After the Mechanics Institute, we were introduced to Ryan Zaknich of Two Feet & a Heartbeat, the first walking tour company based in Perth. Ryan is a local of Perth who did an extensive bit of traveling at young age. After seeing that there was a need in Perth for local guides to guide visitors around the growing bar and restaurant scene, Ryan started Two Feet & a Heartbeat. This isn’t your average tour experience where you feel like a total dork running around a city with someone holding a microphone and wearing high waisted khakis. Ryan is just a really cool guy; I was immediately put at ease by his laid back style, and I never once felt like I was part of a tour group. It was more like being shown around the area by an knowledgable old friend.
Ryan must have been reading my mind, because the next stop was to a refueling station: Venn. A gallery, shop, bar, and cafe all in one, Venn is a large yet thoughtfully designed space that serves an variety of different purposes. I rather gratefully sipped on a cappuccino, while nibbles such as freshly baked pastries and quick breads were sent out and quickly devoured.
While we were only drinking the coffee and sampling the bakery, it is worth mentioning that Venn features a seasonal menu revolving around Western Australian produce and local wines. And their gift shop was not your average tourist hell hole. This was a well curated selection of smart, funny gifts you would likely to find in a gift shop at a modern art museum.
While en route to our next destination, I couldn’t help but notice the locals walking around the city. Dressed in their Saturday finest, my first impression of Perth residents are that they are stylish and sophisticated with a Bohemian edge. And there is something about their smiles…as if they are in on the secret of how awesome their awesome city is.
The Margaret River Chocolate Factory is a new shop in Perth that sells homemade chocolate in over 200 different styles, and offers up many a free tasting.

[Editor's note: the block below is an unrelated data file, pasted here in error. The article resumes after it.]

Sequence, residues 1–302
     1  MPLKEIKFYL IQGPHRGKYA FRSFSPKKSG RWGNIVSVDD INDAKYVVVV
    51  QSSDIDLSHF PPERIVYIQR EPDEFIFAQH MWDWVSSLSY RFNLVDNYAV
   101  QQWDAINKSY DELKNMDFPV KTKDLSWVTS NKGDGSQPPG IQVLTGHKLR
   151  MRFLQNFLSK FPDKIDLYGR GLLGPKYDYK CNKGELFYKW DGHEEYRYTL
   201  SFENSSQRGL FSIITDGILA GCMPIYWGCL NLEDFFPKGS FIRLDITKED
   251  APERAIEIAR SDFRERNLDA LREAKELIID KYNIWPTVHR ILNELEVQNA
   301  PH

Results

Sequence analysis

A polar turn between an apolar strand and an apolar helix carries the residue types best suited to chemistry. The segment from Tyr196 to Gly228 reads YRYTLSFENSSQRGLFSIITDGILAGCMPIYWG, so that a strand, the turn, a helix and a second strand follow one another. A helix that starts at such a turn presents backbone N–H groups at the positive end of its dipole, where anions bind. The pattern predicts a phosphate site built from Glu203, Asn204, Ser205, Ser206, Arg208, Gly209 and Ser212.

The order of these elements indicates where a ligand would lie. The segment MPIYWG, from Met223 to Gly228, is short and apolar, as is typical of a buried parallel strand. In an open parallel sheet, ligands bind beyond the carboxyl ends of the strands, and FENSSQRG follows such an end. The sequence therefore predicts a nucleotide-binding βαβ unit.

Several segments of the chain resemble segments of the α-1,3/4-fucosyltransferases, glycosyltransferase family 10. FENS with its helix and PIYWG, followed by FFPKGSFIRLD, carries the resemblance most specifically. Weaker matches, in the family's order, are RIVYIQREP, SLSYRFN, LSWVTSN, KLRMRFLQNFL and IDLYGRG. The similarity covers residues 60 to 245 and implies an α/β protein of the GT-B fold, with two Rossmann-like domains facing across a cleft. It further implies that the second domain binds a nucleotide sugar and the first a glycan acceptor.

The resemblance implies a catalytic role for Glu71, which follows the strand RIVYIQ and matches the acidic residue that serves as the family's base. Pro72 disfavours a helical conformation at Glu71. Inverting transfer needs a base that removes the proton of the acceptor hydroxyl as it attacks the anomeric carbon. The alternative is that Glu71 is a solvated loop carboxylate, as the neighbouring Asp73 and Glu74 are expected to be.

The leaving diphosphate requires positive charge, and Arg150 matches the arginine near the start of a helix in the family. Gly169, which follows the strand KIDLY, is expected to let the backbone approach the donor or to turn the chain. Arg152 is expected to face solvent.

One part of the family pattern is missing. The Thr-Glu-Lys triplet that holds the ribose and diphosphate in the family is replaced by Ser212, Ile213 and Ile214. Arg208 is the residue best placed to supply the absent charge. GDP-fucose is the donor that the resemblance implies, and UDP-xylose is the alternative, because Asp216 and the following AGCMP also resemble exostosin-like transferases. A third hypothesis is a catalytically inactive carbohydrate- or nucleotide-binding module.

I enjoyed the flavor and jolt of energy from the espresso bean with dark chocolate. Given I have a savory tooth, I felt more at home at The Perth City Providore, the specialty foods shop attached to Margaret River Chocolates.
I sampled artisan bread dipped in WA extra-virgin olive-oil, freshly prepared Dukkah, and floral, meaty olives from the Margaret River. It definitely helped to balance out my sugar high from the chocolate, and gave me a chance to see what the gourmet provisions market was like in Perth. My favorite part about the Providore was seeing the homemade cake mixes available on offer.
The Providore makes it really easy to avoid the preservative laden boxed cake mixes by offering kits, such as this chocolate and blood orange cake, making good wholesome bakery all too easy to devour.
Our last and final stop was at Stables, a renovated horse stable turned two-level bar and restaurant on Hay Street. It is set back from the main road, which gives you the feel of a little more seclusion, and there is plenty of outdoor dining to soak up the sun. In addition to craft cocktails, Stables has all day dining and a grazing menu if you are only feeling a bit peckish.
We stopped by and met owner Tim McLernon, who let us go behind the bar and make our very own cocktail featured on the menu: the Southern style Sazerac.
Rich and I rolled up our sleeves and worked side by side to try and recreate Mark’s tasty version of a Sazerac.
We both ended up forgetting the ever so slight detail of drizzling some Pernod on the orange garnish, so Julian ended up winning the prize of best cocktail! But in this case, i’m not sure I could call myself a loser with such a well crafted drink in my hand.